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UBC Theses and Dissertations

True love stories : the tropical production and authorization of meaning Aoki, Douglas Sadao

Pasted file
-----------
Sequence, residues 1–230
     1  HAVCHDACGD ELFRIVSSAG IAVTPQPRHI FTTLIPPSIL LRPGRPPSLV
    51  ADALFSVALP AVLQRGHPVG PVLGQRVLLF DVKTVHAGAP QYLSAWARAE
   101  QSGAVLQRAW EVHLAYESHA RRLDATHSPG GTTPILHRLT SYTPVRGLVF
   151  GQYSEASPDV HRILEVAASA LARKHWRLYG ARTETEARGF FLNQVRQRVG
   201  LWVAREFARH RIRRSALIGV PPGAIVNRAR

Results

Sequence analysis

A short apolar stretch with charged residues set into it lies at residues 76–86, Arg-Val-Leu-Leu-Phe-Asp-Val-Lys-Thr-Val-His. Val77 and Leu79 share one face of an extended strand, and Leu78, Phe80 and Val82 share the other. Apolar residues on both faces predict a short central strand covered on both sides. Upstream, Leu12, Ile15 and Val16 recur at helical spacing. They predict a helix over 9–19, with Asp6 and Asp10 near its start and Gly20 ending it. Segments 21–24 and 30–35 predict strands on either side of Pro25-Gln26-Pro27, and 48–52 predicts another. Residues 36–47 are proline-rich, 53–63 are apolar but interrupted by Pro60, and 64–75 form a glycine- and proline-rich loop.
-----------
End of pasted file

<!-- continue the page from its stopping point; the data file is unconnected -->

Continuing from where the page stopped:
The reason that modern love is not postmodern is that it insists on being psychological. The reason that sociology treats of love so poorly is that it insists on not being poststructuralist. This project inverts this double steadfastness, in order to sociologize love as a production of its own tropes, and move from feelings to discourse without leaving feelings behind. Love's emotional body is not denied by a poststructuralist sociology, but poststructuralist theory recognizes that both the body and sociology are radically textualized. This realization puts into doubt canonical notions of feeling and fact, truth and validity, lucidity and experience, reality and representation. What emerges is literally academic literature: true love stories. As Hannah Arendt writes, "We who for the most part are neither poets nor historians are … [nonetheless] preparing the way for 'poetry', … [as if] we are … constantly expecting it to erupt in some human being." The poetics of love manifest in flights of metaphors. Then the discourse of love is distinguished by how those metaphors infloresce its meanings. If love is constituted through its tropes, any definition of it cannot but fail. This is not a descent into romantic nonsense, but a shift to a different sense of love. Love becomes open to all the polymorphous movement and play of the poststructuralist sign. Yet modern love is the tropical discourse that denies its tropicality, for modern love is love that claims that it is real. The credibility of this fiction can only be maintained through a puissant regime of truth, one which aligns love with a narrow rhetoric of Nature and mystery: "Love is just that way;" "Love explains itself;" "Love is love." If such homey platitudes are read carefully enough, they betray themselves as devices of brutal, constitutive closure. The imperative of a poststructuralist sociology of love is to deprive the modernist consciousness of such conceptual orthopaedics, in order to force it to open itself to less comforting but more compelling fictions.

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